Thursday, January 7, 2010

wrestling at preschool

Do you cut rough and tumble play short because you worry that it will all end in tears?  I know I do. 

Which is a shame because rough and tumble play offers so many unique opportunities for children's social, emotional and physical learning.

How can we provide opportunities for children to play rough without injury?

Now, don't laugh, but at our preschool we wrestle.

We have brainstormed rules with the kids on how to keep the play appropriate, and we support them in recognising body language or using words to communicate that the play is getting out of control for them.

There is a teacher "ringside" at all times.

Wrestling respects the children's need for full body contact play.  It gives children the tools to recognise their own limits and those of others.  They learn what their bodies can do.  They develop self control.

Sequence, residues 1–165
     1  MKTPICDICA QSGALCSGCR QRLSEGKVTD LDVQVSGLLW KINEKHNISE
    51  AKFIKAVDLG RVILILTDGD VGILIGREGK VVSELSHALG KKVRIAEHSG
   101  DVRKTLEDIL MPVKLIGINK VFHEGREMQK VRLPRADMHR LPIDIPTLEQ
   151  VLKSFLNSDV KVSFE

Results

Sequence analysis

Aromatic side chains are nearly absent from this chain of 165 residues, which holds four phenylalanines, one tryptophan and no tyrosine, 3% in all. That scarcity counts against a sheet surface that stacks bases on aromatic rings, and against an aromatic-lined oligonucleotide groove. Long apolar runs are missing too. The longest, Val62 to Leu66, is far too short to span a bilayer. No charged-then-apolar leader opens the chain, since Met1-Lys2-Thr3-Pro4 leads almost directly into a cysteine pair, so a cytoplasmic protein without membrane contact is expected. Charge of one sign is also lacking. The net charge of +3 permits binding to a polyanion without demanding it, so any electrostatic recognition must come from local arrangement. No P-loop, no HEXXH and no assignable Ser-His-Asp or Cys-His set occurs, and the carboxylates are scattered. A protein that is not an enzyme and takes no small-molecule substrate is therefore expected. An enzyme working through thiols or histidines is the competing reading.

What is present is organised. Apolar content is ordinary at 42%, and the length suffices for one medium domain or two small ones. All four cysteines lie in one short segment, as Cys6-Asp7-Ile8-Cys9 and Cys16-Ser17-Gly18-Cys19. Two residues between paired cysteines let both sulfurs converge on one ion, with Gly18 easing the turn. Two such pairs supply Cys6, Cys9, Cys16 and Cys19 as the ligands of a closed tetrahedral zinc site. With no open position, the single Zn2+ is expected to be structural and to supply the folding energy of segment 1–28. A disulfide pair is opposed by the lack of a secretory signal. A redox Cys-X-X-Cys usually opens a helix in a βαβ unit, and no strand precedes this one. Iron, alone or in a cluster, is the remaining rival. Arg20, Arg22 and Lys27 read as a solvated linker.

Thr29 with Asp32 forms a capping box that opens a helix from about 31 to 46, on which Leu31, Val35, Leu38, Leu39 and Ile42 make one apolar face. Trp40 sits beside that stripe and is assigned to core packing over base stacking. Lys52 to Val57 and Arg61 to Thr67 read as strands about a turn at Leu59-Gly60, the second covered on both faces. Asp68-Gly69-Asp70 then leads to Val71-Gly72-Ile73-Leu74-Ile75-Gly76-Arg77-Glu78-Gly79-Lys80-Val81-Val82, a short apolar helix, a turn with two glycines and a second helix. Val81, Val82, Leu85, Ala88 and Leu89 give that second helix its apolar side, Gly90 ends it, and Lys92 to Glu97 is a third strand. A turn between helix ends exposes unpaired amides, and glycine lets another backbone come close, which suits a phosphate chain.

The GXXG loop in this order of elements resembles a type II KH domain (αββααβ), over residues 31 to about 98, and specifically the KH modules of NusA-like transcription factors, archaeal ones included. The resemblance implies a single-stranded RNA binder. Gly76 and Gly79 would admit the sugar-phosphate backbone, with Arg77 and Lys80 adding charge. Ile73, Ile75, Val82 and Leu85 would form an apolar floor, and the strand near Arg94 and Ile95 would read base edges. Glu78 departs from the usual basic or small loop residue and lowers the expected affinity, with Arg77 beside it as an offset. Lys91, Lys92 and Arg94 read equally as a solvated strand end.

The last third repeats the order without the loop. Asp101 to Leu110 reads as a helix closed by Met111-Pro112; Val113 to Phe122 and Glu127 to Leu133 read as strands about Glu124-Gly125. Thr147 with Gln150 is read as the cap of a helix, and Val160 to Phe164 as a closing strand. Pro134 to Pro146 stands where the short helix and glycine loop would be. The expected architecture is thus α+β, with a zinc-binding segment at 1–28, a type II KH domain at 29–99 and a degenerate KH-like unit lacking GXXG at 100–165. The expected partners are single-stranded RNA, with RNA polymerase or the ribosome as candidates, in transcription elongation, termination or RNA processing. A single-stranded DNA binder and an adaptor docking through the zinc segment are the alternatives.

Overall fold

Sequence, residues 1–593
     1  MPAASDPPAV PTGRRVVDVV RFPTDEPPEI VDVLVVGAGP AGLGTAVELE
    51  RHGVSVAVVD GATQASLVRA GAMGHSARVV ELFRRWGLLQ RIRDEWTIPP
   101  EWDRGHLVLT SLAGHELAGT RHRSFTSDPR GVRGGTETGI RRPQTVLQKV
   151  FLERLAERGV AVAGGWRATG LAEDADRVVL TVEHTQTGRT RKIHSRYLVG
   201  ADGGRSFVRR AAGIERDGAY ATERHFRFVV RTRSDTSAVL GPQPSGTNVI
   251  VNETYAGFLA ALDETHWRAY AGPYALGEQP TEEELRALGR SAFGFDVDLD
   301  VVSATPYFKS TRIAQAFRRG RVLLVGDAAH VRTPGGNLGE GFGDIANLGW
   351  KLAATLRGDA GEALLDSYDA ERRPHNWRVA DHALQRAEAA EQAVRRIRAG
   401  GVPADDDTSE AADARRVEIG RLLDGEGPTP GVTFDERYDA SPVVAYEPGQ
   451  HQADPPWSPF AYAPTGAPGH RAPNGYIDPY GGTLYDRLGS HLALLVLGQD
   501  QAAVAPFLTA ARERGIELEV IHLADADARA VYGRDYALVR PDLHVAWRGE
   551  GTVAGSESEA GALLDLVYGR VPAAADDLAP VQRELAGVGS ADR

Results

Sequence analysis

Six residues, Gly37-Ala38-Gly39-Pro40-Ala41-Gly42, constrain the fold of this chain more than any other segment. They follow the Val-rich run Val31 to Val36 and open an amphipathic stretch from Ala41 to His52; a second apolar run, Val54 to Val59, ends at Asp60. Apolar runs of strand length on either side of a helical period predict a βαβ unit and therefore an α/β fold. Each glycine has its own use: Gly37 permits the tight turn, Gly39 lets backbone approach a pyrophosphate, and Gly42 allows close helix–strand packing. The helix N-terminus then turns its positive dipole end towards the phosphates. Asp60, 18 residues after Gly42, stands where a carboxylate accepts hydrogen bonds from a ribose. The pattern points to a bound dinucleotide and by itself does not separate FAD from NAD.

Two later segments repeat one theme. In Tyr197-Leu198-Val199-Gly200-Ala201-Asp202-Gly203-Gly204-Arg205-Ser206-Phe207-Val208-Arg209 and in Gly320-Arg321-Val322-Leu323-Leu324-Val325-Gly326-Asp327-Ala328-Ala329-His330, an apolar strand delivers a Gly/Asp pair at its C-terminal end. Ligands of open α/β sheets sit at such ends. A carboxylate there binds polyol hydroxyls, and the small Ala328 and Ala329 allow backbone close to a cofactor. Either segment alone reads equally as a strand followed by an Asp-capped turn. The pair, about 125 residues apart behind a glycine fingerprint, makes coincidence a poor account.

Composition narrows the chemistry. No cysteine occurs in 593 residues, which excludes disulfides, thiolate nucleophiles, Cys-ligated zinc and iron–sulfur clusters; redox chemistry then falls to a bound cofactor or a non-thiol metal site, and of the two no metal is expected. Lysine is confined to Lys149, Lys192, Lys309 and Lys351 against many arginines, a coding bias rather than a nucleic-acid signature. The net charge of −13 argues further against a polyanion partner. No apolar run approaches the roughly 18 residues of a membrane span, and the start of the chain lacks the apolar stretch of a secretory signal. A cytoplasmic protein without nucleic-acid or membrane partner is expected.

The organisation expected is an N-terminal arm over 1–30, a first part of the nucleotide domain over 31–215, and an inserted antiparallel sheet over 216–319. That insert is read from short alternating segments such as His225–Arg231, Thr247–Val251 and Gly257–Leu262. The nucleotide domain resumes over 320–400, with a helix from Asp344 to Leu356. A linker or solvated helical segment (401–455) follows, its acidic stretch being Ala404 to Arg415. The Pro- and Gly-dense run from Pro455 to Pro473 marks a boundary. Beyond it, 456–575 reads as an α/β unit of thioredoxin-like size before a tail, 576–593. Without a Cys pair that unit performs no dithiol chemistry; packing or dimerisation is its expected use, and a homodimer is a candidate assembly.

And as odd as it may sound in the context of wrestling, they are learning to be gentle with each other and to think about other people's feelings.

Wrestling outside - I highly recommend it!


  1. Yay! I thought we were the only preschool on earth who wrestled as part of our curriculum.

    One thing I've learned is that while it tends to be boys who will spontaneously wrestle, once I made it an "official" part of preschool the girls join in equally.

    I wrote a post about this awhile back, but the first time we tried wrestling it turned out that one of our 4-year-olds had been leaning Aikido and went about systematically dispatching the other kids with a series of very efficient throws! Impressive, but not so fun for the other children! =)

  2. oh, i love this. and i am reminded of all the outdoor fun we'll have once it isn't freezing (literally!).

  3. i'd like to incorporate this into our class. What are some of your rules?